Background/aim: The novel insulin-mimetic adipocytokine visfatin has been linked to the metabolic syndrome but how the release of the hormone itself is regulated is not characterized yet. The aim of this study was to investigate the effect of different glucose and insulin concentrations on visfatin plasma levels in humans, and to study the involved pathways in vitro in human adipocytes.
Methods: Randomized, double-blind, placebo-controlled crossover study. Three different study days were carried out in nine healthy male subjects (age 26±6 years). Subjects gave informed written consent, and the protocol was approved by the local ethical committee. On each day, systemic glucose concentrations of 5.0, 8.3, and 11.1 mmol/L were attained by stepwise increasing intravenous infusions of glucose, representing fasting and postprandial conditions. Visfatin plasma concentrations were studied during concomitant exogenous hyperinsulinemia, inhibition of endogenous insulin production by somatostatin infusion, and placebo time control, respectively. Additionally, human adipocytes were cultured to study visfatin release in vitro.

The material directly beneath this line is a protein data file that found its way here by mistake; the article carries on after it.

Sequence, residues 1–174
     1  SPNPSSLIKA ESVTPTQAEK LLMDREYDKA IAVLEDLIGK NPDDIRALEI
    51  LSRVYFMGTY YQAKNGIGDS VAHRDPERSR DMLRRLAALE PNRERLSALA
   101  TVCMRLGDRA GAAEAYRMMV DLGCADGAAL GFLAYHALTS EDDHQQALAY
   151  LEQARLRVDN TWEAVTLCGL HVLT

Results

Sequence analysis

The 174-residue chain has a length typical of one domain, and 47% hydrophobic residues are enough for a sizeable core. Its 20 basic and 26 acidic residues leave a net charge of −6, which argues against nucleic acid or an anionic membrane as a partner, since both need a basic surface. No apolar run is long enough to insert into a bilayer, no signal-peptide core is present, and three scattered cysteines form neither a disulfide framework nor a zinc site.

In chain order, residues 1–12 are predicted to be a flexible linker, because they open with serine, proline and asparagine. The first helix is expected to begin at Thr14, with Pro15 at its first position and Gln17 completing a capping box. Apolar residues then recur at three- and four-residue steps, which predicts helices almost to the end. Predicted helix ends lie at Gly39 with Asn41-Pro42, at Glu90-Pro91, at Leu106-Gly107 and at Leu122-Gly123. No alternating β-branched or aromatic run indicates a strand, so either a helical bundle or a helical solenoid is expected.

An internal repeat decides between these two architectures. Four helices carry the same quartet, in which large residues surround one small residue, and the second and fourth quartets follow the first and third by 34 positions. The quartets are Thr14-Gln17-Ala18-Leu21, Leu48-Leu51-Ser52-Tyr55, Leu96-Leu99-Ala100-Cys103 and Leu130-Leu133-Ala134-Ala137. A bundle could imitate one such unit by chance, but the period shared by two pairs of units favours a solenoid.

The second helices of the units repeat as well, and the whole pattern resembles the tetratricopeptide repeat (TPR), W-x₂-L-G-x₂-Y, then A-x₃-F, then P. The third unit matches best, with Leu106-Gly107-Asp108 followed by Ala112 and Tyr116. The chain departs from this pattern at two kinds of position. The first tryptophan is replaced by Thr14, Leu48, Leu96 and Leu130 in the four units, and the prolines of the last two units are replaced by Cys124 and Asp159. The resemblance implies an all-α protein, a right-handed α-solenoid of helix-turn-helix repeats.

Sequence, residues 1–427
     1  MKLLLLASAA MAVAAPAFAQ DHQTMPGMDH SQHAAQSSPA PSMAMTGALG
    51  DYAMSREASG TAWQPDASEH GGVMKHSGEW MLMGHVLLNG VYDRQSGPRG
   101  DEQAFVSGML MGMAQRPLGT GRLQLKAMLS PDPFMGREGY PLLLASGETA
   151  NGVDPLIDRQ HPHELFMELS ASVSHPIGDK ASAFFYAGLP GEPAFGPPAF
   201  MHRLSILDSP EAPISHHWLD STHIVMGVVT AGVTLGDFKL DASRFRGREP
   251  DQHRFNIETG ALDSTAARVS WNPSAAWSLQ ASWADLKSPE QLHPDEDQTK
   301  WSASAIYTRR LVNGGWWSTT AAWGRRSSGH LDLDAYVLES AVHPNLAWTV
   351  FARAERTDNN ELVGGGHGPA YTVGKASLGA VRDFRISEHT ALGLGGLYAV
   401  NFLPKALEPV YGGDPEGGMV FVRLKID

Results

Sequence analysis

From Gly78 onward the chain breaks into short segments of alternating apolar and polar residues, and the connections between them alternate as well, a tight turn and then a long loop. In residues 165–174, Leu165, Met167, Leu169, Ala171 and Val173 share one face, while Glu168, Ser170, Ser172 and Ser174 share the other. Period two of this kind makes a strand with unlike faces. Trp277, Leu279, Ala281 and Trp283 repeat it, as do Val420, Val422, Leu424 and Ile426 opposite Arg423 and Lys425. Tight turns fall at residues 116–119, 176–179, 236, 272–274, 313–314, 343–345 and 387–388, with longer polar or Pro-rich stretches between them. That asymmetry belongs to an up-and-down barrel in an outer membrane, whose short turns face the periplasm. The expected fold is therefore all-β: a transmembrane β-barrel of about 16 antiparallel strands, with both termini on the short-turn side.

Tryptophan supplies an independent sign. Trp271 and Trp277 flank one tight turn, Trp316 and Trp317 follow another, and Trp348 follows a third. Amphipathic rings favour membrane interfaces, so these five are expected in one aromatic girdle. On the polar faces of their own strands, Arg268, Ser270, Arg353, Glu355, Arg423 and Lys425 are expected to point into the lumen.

Results: Glucose concentrations of 8.3 mmol/l and 11.1 mmol/l increased circulating visfatin from baseline concentrations of 0.5±0.0 ng/ml to 0.9±0.1 and 2.1±0.3 ng/ml, respectively (P<0.01). Glucose-induced elevation of visfatin was prevented by co-infusion of insulin or somatostatin (P<0.05). Visfatin release from cultured adipocytes was glucose concentration- and time-dependent and involved phosphadityl-inositol-(PI)3-kinase and protein kinase B (AKT) pathways.
Conclusions: Circulating visfatin concentrations are increased by hyperglycaemia. This effect is suppressed by exogenous hyperinsulinemia or somatostatin infusion. Thus, glucose seems to regulate visfatin plasma concentrations. Glucose also regulates visfatin release from cultured human adipocytes; glucose signaling in adipocytes involves the PI3/AKT pathway.
01 - 05 Apr 2006
European Society of Endocrinology